Redistricting Hinges On Legislative Majority
ARLINGTON (CBSDFW.COM) – Early voting for the Nov. 2 election has already begun, but what many may not realize is that their votes will decide how Congressional Districts are drawn.
“Oh, it’s bloody warfare,” said Prof. Alan Saxe of the University of Texas at Arlington’s Political Science faculty. “Of all the subjects that really energize the Legislature, it’s redistricting.”
Every ten years, the Texas Legislature redraws Congressional lines. There are 32 Congressional Districts in the state. But a population boost in the 2010 Census is likely to add three to four new districts in the state.
Which ever political party gets control of the state legislature is going to have a tremendous impact on how those new districts are drawn and when you create new ones, it’s going to impact the old ones,” Saxe said.
“It’s very tight,” said Jonathan Neerman, spokesman for the Dallas County Republican Party. “Republicans have a four seat lead right now. We’re hoping for at least a plus-five coming out of this election to have a greater control over the State House.”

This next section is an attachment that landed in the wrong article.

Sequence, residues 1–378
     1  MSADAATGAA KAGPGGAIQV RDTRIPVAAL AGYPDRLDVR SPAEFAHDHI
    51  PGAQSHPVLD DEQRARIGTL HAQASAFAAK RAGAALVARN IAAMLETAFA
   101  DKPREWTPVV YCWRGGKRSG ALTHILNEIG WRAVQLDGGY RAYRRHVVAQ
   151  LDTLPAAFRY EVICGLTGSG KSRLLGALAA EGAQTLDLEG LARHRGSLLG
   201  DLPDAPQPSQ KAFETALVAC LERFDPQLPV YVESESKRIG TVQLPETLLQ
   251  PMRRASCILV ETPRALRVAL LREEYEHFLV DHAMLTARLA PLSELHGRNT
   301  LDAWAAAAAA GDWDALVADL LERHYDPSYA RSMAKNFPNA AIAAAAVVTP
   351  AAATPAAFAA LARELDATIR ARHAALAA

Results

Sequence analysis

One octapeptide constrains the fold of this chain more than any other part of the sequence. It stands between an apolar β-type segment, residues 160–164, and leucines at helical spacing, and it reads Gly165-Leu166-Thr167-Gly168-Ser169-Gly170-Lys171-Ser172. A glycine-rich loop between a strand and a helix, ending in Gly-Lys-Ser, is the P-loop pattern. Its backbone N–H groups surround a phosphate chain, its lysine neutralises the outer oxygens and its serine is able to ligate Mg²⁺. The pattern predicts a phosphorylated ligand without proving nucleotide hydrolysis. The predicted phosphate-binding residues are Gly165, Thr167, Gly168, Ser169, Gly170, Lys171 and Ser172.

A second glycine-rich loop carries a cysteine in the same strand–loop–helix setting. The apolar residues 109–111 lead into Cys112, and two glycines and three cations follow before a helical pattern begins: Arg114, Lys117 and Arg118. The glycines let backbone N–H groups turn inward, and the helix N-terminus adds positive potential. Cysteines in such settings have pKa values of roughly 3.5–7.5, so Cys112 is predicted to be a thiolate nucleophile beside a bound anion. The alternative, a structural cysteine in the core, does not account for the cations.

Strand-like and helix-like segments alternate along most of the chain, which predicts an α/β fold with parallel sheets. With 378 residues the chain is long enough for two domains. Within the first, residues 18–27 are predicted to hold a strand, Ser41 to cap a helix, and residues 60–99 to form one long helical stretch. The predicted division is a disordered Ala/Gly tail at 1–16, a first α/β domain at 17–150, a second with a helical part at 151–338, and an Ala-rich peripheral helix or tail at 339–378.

If that happens, Republicans are likely to draw up the Congressional Districts to ensure their candidates have an edge in future elections. If Democrats take that control, they would likely do the same, especially in Tarrant County.
“Tarrant County is the largest county in the entire country that does not have a congressional district that is specifically drawn to represent minority citizens,” said Stephen Maxwell, Tarrant County Democratic Party Chair.
In 2003, Republicans drew up new District lines seven years early, which means if the Republicans can maintain or increase their majority in the election, they will likely overpower the more Democratic districts in the state.